“Everywhere that we perform is an opportunity to dismantle prejudice and preconceptions about LGBTQ people”

Music as an act of resistance
Queer artists like Murad, Łukomski and the BGMC put their safety on the line again and again to perform in anti-gay countries, but what’s the pay-off?

“Everywhere that we perform is an opportunity to dismantle prejudice and preconceptions about LGBTQ people,” says BGMC’s Coogan. “Live music as a social activism tool works. It did in Istanbul, as it did in so many other cities around the world. I saw the joy and transformation on the faces of thousands of locals. “Music builds bridges, enhances communication, breaks down stereotypes and humanises the ‘other’ in powerful ways. It has the power to transcend boundaries and create connections among people from different backgrounds, languages, and beliefs, and has long been a central part of social justice movements.”

In all three stories, the live music industry has proved itself to be the antithesis of the political wars waging outside of it, thanks to real allyship from promoters and festivals like PMX, Follow the Step, Pol’and’Rock and Charmenko. But what they want, quite simply, is for their respective countries to be recognised for the budding talent, not the conflict. “I want people to know that Palestine isn’t just war, apartheid, and occupation; it’s also music, cinema, art; it’s life,” says PMX co-founder Younis. “There are actual people living here with hopes, dreams, and culture. There’s talent in Palestine and it is just waiting to be discovered. We don’t want to be seen as victims but as equal people who deserve to have their culture and music represented everywhere.”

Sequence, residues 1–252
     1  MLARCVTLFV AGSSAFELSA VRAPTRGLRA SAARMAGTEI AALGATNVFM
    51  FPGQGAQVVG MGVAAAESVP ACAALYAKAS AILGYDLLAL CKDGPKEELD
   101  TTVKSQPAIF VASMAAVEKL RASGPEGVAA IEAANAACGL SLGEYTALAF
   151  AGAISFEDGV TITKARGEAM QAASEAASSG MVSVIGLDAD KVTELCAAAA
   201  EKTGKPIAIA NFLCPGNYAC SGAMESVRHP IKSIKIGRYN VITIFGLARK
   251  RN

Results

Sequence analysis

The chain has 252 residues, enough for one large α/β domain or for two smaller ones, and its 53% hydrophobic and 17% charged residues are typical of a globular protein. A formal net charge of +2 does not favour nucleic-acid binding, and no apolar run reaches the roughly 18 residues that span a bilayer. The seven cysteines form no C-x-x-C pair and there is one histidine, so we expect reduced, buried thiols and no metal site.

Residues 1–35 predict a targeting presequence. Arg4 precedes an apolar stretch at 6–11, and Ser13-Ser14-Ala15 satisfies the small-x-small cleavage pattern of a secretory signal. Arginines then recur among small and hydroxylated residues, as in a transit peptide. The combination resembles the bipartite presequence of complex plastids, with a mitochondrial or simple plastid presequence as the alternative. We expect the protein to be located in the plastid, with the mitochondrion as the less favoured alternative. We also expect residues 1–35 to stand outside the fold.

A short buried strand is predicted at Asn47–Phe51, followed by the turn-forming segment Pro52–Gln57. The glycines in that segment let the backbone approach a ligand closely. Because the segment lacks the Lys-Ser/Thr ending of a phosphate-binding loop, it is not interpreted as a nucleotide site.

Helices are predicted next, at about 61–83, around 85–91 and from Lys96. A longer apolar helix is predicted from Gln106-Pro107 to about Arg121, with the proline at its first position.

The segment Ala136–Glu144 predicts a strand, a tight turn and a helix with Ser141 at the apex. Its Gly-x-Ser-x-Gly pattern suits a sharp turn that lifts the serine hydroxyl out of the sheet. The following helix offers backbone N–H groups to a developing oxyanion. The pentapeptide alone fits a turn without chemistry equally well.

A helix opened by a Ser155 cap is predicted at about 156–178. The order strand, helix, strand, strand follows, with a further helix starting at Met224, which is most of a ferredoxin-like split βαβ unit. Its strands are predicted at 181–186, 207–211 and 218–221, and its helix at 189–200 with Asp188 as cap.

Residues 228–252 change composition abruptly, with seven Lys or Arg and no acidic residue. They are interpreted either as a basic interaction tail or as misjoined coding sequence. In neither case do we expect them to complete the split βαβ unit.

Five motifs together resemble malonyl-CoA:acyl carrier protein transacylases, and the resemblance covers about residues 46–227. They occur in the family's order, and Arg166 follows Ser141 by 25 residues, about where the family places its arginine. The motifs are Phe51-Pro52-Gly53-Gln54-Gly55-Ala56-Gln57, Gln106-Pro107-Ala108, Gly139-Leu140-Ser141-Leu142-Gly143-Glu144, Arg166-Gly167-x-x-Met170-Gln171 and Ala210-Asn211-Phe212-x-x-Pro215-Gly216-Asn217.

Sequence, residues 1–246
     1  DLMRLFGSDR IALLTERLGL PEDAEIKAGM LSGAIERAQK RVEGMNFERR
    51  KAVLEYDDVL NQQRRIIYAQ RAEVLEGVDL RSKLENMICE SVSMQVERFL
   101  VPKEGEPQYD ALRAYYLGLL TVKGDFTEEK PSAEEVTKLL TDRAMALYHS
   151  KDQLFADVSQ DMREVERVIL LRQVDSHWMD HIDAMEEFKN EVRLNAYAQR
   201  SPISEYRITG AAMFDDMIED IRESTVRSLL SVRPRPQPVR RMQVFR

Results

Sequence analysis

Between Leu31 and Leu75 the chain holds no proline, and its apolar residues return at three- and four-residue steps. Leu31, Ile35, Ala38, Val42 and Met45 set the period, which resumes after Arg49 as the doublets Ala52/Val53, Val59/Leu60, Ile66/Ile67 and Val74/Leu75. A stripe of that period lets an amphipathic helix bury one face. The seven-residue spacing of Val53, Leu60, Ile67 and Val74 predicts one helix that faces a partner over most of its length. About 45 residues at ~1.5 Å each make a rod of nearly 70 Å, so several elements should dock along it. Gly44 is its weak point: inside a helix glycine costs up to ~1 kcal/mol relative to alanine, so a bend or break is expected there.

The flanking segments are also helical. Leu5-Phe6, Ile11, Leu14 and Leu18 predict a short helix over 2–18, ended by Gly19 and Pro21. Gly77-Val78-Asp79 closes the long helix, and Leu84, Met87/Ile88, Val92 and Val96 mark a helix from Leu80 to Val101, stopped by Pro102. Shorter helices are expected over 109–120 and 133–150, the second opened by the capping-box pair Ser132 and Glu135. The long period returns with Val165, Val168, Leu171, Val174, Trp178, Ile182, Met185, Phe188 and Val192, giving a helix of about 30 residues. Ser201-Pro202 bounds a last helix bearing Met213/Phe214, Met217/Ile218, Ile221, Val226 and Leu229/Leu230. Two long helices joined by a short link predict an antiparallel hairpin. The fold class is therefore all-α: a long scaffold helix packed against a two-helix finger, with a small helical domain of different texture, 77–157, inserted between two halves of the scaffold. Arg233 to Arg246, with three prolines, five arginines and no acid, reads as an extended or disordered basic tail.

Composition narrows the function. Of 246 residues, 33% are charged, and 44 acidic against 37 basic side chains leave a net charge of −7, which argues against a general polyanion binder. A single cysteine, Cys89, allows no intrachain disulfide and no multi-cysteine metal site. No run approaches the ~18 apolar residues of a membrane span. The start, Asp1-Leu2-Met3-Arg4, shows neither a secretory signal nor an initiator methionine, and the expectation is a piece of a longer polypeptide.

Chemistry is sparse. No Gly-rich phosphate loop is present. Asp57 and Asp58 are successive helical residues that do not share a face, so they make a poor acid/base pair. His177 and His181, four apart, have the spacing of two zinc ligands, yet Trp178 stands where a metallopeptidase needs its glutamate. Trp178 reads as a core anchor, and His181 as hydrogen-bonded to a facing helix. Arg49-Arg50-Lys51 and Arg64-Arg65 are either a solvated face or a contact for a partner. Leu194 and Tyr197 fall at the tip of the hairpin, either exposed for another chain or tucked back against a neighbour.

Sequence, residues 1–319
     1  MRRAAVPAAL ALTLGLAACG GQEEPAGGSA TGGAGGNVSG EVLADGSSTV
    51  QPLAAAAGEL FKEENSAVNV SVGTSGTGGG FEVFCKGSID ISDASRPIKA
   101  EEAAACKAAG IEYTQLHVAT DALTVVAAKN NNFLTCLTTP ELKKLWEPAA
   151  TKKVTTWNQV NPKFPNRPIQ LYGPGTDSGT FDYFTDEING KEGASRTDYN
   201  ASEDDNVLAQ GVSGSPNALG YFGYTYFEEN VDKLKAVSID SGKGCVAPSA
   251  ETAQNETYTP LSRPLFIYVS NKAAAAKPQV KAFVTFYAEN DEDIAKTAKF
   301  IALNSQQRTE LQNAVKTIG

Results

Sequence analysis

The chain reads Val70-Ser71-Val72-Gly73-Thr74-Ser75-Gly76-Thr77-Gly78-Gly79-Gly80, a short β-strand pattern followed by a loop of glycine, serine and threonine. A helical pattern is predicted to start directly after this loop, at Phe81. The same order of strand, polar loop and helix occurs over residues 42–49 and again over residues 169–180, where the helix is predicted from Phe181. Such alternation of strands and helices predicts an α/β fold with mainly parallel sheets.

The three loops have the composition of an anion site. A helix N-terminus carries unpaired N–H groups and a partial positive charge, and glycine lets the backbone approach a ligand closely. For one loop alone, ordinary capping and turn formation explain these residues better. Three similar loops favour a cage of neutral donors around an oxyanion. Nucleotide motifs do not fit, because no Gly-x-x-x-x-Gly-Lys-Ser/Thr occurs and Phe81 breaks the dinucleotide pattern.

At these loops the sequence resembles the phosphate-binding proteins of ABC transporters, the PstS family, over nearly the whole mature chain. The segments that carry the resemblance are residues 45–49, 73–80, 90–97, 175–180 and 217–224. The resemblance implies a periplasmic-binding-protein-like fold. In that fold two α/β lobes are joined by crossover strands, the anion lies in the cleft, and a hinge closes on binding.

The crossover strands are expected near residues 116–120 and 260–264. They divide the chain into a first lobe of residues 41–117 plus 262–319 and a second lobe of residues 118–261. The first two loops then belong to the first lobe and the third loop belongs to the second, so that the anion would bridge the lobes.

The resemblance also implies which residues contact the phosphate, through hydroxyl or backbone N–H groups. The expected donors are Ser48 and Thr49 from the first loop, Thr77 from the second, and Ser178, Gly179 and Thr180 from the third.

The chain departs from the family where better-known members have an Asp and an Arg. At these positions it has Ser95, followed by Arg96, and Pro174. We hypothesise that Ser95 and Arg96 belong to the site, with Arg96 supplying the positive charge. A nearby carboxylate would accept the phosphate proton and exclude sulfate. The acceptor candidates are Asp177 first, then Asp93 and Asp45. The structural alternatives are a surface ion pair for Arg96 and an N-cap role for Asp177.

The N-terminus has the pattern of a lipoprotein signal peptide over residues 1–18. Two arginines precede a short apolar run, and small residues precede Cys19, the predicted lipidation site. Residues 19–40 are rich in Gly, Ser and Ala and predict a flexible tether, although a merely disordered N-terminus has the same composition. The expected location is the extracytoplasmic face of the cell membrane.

Pol’and’Rock’s Zawada has a similar message for the international live music industry: “Poland is more than politics and oppression.

It’s important for us to say: ‘You know what? There is this community of people that has a different opinion. There are people who are tolerant and welcoming and accepting, and they would have your back, and everyone else’s.”


Read this article in its original format in the digital edition of IQ 101:


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Israeli live industry now operating without restrictions

Israel’s successful Covid-19 vaccination programme is allowing event organisers in the country to operate as they did back in 2019, after the country’s government abolished any restrictions for mass gatherings.

The country’s emergence from pandemic restrictions has been rapid, thanks to its hugely effective vaccination regime, which has already resulted in the majority of the Israeli population being double jabbed.

That situation has allowed local promoter Shuki Weiss to press ahead with its national tour of local superstars Fortisakharof, who currently find themselves in the midst of an 11-date tour which will culminate in a headline show at the sold-out, 12,000-capacity inDnegev Festival in late September.

“It’s been a bit of a wild rollercoaster ride, but the thirst for live events is now massive,” says Shuki Weiss managing director Oren Arnon. “Last year we had two periods of shows with restrictions in June and September, but it was disappointing as they were shut down again quite quickly.”

One ability that has been key to the restart is being agile, Arnon tells IQ, as the changing guidelines allow production crews to implement different configurations.

“The original Fortisakharof tour was set for two shows at Ra’anana in May 2020 and both shows sold out with about 16,000 tickets,” he recalls. “They were postponed to September 2020 and then May ’21. In May there were still restrictions here, meaning we could only play to about 3,000-4,000 cap. So we broke down those two shows into a five-night residency at Ra’anana and then essentially sold a bunch more tickets – we’re ending up with about 23,000 in total.

“It’s been a bit of a wild rollercoaster ride, but the thirst for live events is now massive,”

‘But meanwhile, before we played the first show, they lifted the restrictions and in theory we could play 8,000-cap, but we had already set up a design for the show for 4,000 people, which we were able to expand to about 5,000 people.